Redeeming Science – Vern Poythress

I don’t recommend many books. But for someone who wants to read a solid Biblical treatment of the Christians role in science, as well as a fair (if a little bit short) treatment of the YEC/OEC debate, I highly recommend this book. Dr. Poythress is well-known theologian who teaches New Testament at the WTS, and holds multiple degrees.

He is not scared to explore the strengths and weaknesses in all positions, and in classical reformed style, always seeks to put God first, before any man-centered reasoning and conclusions. In the process he will offend many, no doubt, but even if you disagree with him, he provides good food for thought. His chapter on how YEC necessarily has to lead to some form of mature creation is insightful and offers some perspectives I have not yet seen anywhere else.

He also manages to convince me that the analogical day view of creation is the most logical and most God-honoring position to hold. One of the strengths of reformed scholarship throughout history has been that calm, rational exegesis and reasoning will help us towards the truth, and this book certainly displays that. The book is a nice balance between Biblical scholarship and modern scientific concepts throughout, with great care to emphasize human shortcomings in knowing the mysteries of God.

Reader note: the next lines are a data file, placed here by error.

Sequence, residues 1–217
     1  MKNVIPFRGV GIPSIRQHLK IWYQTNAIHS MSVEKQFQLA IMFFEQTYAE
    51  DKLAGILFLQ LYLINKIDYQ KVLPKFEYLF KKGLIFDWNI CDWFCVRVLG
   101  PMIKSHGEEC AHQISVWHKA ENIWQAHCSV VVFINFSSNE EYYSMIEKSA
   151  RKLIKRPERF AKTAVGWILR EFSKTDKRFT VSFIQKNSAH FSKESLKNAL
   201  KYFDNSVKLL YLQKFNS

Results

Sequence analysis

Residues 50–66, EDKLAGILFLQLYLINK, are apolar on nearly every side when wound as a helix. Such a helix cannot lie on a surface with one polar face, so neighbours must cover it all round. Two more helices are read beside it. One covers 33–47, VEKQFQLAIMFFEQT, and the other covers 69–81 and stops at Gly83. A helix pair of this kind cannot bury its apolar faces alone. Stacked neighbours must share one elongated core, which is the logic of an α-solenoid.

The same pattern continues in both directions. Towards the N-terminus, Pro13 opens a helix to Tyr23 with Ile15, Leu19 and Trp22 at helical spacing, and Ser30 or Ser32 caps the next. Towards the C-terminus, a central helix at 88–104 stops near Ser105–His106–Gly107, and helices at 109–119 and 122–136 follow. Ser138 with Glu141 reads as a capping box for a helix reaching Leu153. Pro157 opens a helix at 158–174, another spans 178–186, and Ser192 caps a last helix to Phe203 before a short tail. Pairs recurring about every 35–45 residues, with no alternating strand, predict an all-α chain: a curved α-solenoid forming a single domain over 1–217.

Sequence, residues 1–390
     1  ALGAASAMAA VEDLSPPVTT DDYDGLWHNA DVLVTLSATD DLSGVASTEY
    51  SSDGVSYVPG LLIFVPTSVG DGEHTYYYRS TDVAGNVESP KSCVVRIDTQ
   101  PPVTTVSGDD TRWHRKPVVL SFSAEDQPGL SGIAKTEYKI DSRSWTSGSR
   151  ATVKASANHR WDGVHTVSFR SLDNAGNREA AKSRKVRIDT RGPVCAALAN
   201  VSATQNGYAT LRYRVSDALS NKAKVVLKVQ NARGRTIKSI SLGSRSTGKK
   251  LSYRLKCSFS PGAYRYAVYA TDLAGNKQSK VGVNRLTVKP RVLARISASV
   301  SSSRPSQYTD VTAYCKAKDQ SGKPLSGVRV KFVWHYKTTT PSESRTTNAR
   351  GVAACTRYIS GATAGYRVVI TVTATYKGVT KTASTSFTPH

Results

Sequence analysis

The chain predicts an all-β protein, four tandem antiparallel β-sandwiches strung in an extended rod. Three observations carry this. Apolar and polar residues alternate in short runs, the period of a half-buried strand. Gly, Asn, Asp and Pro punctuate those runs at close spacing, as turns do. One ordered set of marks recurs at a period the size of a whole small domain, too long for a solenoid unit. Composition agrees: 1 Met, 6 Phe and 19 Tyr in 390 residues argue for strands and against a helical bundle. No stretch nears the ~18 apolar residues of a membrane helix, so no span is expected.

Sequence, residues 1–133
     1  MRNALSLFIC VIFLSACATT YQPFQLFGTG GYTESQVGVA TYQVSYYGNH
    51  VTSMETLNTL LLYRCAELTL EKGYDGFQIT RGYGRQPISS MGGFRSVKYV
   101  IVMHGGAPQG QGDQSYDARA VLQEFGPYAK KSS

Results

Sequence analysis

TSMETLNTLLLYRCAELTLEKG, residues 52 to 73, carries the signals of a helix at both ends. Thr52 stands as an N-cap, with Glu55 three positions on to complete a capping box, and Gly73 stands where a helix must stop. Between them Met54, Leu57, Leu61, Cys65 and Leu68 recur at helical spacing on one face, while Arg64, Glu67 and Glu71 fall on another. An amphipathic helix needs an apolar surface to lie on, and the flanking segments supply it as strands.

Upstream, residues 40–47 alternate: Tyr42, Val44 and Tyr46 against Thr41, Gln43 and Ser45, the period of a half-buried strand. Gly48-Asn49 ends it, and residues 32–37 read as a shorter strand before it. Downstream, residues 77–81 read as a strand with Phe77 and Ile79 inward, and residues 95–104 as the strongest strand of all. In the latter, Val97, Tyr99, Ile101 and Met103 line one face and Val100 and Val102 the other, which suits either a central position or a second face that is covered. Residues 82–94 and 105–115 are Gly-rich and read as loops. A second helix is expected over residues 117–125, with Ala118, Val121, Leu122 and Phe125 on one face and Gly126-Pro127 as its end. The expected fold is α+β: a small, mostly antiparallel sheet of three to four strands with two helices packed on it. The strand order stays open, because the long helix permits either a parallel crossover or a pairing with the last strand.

In some places I wish that he elaborated a bit more on some of his thoughts. But I guess with the book already at around 370 pages, it would have taken a book on each of the chapters to fully explore all that can be said.

I recommend that anyone interested in this subject read Dr. Poythress’s book. It has certainly blessed me, and cleared up some lingering questions I had. It also raised some new ones, for which I am equally grateful.

Redeeming Science: A God-Centered Approach

2 responses to “Redeeming Science – Vern Poythress

  1. He holds to an analogical day view, which I guess can be consistent with either position. Hy has some criticism for YEC in terms of their selective acceptance of science, as well as arguing that their position necessarily leads to a mature creation view, which can then be construed as God being deceptive, although he does not believe that of course.

    He also does not quite go for the day-age creation theory, essentially saying that it also requires some exegetical manipulation. The end result is that he holds to a view where the days of creation are viewed as being analogous. The framework view is a subset of the analogy view.

    He touches on a lot of the same issues that I have been struggling with, and although I don’t agree with everything he said, it did help me discover that there are some other views which are acceptable within a Scriptural framework, while also stimulating some further thoughts.

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